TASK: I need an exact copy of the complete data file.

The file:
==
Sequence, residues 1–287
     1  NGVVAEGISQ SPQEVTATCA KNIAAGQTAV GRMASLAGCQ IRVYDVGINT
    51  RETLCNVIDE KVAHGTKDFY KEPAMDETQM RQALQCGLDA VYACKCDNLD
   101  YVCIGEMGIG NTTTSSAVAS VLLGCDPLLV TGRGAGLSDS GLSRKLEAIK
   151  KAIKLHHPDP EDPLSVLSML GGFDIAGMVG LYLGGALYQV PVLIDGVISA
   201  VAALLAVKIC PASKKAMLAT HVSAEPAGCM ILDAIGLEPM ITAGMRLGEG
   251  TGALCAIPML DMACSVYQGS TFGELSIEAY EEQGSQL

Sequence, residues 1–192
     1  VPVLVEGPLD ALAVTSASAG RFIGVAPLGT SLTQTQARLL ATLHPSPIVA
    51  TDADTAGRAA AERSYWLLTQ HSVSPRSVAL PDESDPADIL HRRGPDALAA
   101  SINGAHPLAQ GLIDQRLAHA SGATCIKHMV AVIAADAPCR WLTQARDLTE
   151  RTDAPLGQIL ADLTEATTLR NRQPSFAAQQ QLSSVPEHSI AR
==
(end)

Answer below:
Sequence, residues 1–287
     1  NGVVAEGISQ SPQEVTATCA KNIAAGQTAV GRMASLAGCQ IRVYDVGINT
    51  RETLCNVIDE KVAHGTKDFY KEPAMDETQM RQALQCGLDA VYACKCDNLD
   101  YVCIGEMGIG NTTTSSAVAS VLLGCDPLLV TGRGAGLSDS GLSRKLEAIK
   151  KAIKLHHPDP EDPLSVLSML GGFDIAGMVG LYLGGALYQV PVLIDGVISA
   201  VAALLAVKIC PASKKAMLAT HVSAEPAGCM ILDAIGLEPM ITAGMRLGEG
   251  TGALCAIPML DMACSVYQGS TFGELSIEAY EEQGSQL

Sequence, residues 1–192
     1  VPVLVEGPLD ALAVTSASAG RFIGVAPLGT SLTQTQARLL ATLHPSPIVA
    51  TDADTAGRAA AERSYWLLTQ HSVSPRSVAL PDESDPADIL HRRGPDALAA
   101  SINGAHPLAQ GLIDQRLAHA SGATCIKHMV AVIAADAPCR WLTQARDLTE
   151  RTDAPLGQIL ADLTEATTLR NRQPSFAAQQ QLSSVPEHSI AR